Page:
GREG LOWER

Chanute Recreation Commission members will take the issue of groups who use the upper floors of the recreation center before the city commission.

The board voted 3-2 Monday evening to take the matter to the city commission, and also approved changes in its rates for programming and activities.

Acting CRC Director Todd Newman told CRC members that keys to the building have been distributed for which the current staff cannot account. He said staff does not know how many keys are out or all of the people who have them.

The CRC board met Monday evening with Steve Galt of Grace Community Church, one of three entities that uses rooms upstairs in the rec center. Newman said he also asked representatives of the USD 413 Foundation and Restore, the other two groups who have previously used the rooms, to attend Monday’s CRC meeting.

The CRC board voted in July to give the three groups 60 days to vacate space they have occupied for up to three years. Officials learned the current CRC contract with the city does not allow CRC to provide space to a third party for more than three months without city approval.

That 2011 contract expires in February and CRC board members discussed whether to give Galt until that time.

Chanute city commissioners Eddie Rosenberger and Phil Chaney were also present for Monday’s CRC meeting.

The CRC wants to use some rooms on the upper floor for programming, but Newman said it would not need all six rooms. When the groups took the space, it was part of the Chanute Regional Development Authority’s business incubator program.

CRC board member Matt Godinez, who became CRDA director after the program started, said the incubator program and the fabrication lab did not take off the way officials had hoped and the CRDA was bleeding money. Equipment in the CRDA’s fabrication lab has since gone to Neosho County Community College.

Galt said he is thankful to have been able to use the upstairs space and he would like to continue to use it, but he believes another space will be available. He said he would be willing to share equipment with other groups that may want to use the room.

“If we’re kicking him out, we’re kicking him out to have an empty room,” Godinez said.

Although Grace Community has paid rent for the space, the other two groups have not. The USD 413 Foundation provides school supplies and other assistance to teachers and the public, including a low-cost formal rental so that all students may attend prom and other formal events. The Restore operation is inactive, but still has property in the space.

Rosenberger said he does not think Galt needs to vacate and that CRC should be able to rent out any empty space. He said it is unlikely the city commission will ask the CRC to pay the rent it has collected for three years.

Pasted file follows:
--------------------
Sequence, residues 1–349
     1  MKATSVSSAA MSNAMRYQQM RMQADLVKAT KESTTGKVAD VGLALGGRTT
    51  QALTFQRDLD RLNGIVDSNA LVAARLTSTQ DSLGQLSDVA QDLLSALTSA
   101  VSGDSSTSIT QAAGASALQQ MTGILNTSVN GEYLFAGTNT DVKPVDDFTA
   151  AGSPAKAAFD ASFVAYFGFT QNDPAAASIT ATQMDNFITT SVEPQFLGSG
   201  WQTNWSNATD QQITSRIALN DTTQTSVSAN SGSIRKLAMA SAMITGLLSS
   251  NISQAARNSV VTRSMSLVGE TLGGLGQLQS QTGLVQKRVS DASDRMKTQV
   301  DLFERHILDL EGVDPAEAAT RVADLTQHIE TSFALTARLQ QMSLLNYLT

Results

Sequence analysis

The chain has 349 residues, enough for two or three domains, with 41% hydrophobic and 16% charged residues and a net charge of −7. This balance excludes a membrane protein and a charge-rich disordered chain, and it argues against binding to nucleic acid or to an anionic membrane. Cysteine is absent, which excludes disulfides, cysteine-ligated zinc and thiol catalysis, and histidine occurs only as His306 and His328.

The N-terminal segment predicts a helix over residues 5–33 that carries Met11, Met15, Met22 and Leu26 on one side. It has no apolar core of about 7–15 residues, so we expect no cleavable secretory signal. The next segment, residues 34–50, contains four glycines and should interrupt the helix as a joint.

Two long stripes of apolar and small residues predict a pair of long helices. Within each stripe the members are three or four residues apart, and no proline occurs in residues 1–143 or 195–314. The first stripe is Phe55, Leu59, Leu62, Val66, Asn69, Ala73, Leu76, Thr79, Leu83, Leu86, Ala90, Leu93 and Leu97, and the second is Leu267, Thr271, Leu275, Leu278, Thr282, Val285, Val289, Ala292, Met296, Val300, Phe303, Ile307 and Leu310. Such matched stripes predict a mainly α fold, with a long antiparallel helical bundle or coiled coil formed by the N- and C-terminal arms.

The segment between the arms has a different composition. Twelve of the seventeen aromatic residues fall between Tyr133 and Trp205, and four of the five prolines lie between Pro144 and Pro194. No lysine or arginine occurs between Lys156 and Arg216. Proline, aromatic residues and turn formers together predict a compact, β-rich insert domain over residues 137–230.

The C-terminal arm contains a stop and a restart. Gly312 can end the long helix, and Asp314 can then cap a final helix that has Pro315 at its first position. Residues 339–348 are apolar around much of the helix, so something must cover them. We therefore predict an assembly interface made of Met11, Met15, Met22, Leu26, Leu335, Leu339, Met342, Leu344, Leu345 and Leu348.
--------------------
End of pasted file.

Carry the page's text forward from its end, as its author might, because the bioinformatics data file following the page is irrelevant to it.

The motion to take a request to the city commission for Galt to stay until the end of the contract in February passed, with board members Jon Burchett and Nancy Isaac opposed.

In other business, Newman said the rec center is charging for use of the center to five out of the 23 fitness programs offered. Board members approved a flat fee of $30 per month for the programs, and also a fee of $2 per day for participants in the pickle-ball activity from 10 am to noon weekdays.

The CRC approved a rental agreement and fee structure which will be posted on the center’s website and Facebook page. Newman said the main thing is to enforce the fees. He said the fee structure is modeled on the college, rather than the school district.

The fees will take effect Sept. 3.

The board approved going back to a scholarship policy to give discounts to students on food assistance or the Women, Infants and Children program. The vote Monday reverses a change that added children who had three members of their household involved.

Grant Coordinator Julie Aikins gave an update on three active programs. The OWLS program for Outdoor Wildlife Learning Sites is a five-year program that closes out at the end of this year, and has $1,400 left in the account for maintenance.

The Commit to Health grant program provided $35,000 to establish a community kitchen, one of the programs planned for the upstairs of the rec center. Aikins said the kitchen renovation is close to completion and faces a Dec. 29 deadline. The project also received an additional $10,000 earmarked for tables and chairs.

Aikins reported she is working with schools and businesses on the Healthy Pathways grant program, which will provide $100,400 in total benefits to the community. The program ends in July 2020 and the CRC approved a wellness policy as part of the program.

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